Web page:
A/B test CTA copy
A/B testing isn’t limited to landing page headlines. To quickly and easily improve lead conversion rates, try testing alternatives to your CTA copy, too. Tweak everything from positioning of an offer (i.e. “free guide” vs. “free eBook” vs. “complementary guide” vs. “complementary eBook”) to the title of the offer itself, to the button design - just be sure that the CTA ultimately still aligns with the offer.
One of the telltale signs of a poorly aligned CTA and landing page is a high click-through rates coupled with a low form submission rate. If you’re seeing this in your numbers, evaluate both the CTA and landing page copy to see where improvements can be made.
Reassess Form Length
Another reason you may see high call-to-action click-through rates coupled with low form submission rates on your landing pages is excessive form length. Your CTAs may be attention-grabbing and your landing page copy compelling, but if your forms are disproportionately long relative to visitors’ perceived value of the offer, or if you’re asking for information they deem too “valuable” (such as phone number or mailing address), visitors may balk at filling out your form and taking the final step to become a contact.
While there isn’t a hard-and-fast rule for how long is too long for a form, length should be correlated with the “value” of the offer. This means that your blog or newsletter subscription landing page should have substantially fewer form fields (say, no more than three to four) than a free product trial page, which would likely have closer to seven to eight (or more) fields. Also keep in mind that not all form questions are created equal: visitors hold some, like mobile phone number or home address, more sacred than others and will be less likely to fill out forms that require this type of information.
Considering shortening your forms? Here are some tips:
- Make sure each question is truly valuable to collect. Just because you think you might need visitors’ company names down the road doesn’t mean you need to ask for it on every form. If you’re unsure what information is most important, ask your sales reps what’s most valuable for them.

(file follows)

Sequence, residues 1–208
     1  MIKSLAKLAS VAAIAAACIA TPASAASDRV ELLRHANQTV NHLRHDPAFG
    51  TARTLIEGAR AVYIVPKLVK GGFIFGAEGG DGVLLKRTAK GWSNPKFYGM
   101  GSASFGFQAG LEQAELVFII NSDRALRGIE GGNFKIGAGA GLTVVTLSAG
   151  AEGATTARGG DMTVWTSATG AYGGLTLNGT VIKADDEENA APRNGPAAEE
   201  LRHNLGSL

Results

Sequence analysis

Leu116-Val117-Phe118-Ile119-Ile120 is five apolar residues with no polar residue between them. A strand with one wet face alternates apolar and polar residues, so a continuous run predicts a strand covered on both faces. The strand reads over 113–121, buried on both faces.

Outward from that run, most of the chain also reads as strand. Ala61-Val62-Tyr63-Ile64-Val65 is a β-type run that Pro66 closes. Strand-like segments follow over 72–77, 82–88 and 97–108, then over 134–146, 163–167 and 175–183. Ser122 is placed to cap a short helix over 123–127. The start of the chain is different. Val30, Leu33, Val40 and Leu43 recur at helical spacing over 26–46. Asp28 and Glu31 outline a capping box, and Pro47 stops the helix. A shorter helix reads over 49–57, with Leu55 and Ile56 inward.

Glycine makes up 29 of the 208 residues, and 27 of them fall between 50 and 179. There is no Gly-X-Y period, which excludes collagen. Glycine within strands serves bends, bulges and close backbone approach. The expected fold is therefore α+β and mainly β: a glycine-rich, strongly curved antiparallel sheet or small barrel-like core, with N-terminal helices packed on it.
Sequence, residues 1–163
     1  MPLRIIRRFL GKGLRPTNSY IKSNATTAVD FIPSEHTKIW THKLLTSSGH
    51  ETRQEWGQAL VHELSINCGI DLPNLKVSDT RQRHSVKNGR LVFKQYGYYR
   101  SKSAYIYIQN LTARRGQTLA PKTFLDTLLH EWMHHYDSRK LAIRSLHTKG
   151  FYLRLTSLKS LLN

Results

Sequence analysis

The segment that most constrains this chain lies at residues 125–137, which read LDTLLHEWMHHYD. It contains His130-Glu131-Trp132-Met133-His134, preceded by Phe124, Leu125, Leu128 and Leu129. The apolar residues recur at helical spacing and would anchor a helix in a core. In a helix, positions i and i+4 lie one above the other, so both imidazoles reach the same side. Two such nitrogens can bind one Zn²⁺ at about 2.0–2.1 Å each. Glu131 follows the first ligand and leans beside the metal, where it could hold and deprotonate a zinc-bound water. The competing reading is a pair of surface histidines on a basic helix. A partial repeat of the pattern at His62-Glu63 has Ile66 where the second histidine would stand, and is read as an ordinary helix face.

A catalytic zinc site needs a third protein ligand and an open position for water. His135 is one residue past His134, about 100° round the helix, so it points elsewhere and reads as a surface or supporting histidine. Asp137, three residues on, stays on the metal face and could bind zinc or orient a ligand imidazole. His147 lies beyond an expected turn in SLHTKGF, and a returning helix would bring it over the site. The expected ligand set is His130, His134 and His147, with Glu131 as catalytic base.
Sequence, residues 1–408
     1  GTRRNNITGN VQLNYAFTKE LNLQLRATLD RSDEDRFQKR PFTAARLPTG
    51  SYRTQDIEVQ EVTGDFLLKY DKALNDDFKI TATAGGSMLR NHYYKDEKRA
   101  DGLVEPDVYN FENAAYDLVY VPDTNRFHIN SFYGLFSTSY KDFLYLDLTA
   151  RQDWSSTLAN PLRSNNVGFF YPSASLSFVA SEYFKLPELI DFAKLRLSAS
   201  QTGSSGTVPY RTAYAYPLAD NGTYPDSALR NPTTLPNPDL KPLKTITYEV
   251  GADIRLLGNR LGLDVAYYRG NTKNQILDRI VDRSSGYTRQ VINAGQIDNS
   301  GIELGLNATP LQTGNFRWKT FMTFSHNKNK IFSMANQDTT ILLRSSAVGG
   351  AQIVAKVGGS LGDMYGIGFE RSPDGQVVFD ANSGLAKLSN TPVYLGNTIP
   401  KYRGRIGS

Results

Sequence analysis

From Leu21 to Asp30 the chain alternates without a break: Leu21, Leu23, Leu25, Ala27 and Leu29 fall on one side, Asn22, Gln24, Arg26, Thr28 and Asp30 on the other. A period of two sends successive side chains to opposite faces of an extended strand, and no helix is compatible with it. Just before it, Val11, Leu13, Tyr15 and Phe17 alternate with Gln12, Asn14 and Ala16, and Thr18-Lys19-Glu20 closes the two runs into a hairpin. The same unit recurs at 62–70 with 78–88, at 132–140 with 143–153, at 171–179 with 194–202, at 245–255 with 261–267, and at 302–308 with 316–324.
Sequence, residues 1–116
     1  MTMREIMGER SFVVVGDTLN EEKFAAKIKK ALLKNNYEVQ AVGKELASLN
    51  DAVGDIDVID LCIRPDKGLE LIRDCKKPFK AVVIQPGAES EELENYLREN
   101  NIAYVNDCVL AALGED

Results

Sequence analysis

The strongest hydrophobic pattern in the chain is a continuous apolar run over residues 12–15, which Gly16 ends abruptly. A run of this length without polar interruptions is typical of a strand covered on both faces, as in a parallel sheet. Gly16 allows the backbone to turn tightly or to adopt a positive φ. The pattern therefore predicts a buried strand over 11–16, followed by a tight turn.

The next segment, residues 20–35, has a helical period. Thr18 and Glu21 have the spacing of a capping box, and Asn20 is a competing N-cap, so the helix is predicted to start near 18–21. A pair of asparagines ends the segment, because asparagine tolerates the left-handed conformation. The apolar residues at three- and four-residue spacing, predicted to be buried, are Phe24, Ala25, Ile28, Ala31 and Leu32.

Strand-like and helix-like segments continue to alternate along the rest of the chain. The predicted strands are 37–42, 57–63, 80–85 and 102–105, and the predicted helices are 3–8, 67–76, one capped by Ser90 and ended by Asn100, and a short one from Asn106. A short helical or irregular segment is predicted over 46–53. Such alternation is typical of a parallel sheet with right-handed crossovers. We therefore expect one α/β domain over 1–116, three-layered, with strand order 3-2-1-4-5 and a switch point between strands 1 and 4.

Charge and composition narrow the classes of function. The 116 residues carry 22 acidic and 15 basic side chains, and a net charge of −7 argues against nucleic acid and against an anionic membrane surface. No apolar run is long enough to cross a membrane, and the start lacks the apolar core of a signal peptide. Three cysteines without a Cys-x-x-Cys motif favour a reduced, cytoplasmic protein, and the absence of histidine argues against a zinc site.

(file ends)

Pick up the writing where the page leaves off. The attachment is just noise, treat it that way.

- If a question is worth including on a form, then it should be marked as a “required” field. This goes both ways: if something isn’t worth making required, then it’s probably not worth including on the form.
- Use progressive profiling to ensure you’re not asking the same question over and over – and are continually collecting increasingly detailed information about contacts.
- Auto-fill form fields with information users have already submitted. This cuts down on the total number of fields returning contact will have to fill out on the next form they submit.
- Avoid “multiple select” checkboxes or radio buttons whenever possible as they make forms visually appear longer than they actually are.
Use Mobile Forms
Notice most of your landing page form submissions are from desktop browsers? Your visitors on mobile phones may be bouncing because your landing pages aren’t optimized for them.
While you can use media queries or contextual marketing to create mobile versions of the entire page, a quick and easy way to accommodate users on their smartphones or tablets is to create mobile-friendly versions of your forms. Try to use no more than three to four form fields, and stay away from things like checkboxes or radio buttons, which can be hard to select on small screens.
If you’re using HubSpot, mobile-friendly forms (and landing pages) are easy to set up with Smart Content:
You can also customize content shown to visitors on tablet-based browsers, as well.
What are some of your favorite, fast, and effective ways to jump-start lead conversions? Let us know by tweeting us at @smartbugmedia.
About the author
Ryan Malone is the founder and Chairman of the Board of SmartBug Media and is a veteran of Deloitte & Touche, Seagate and several venture-backed technology companies. When he's not leading SmartBug and helping clients build high-octane marketing organizations, he's loving his wife and daughters and unsuccessfully learning the guitar. Go Terps! Read more articles by Ryan Malone.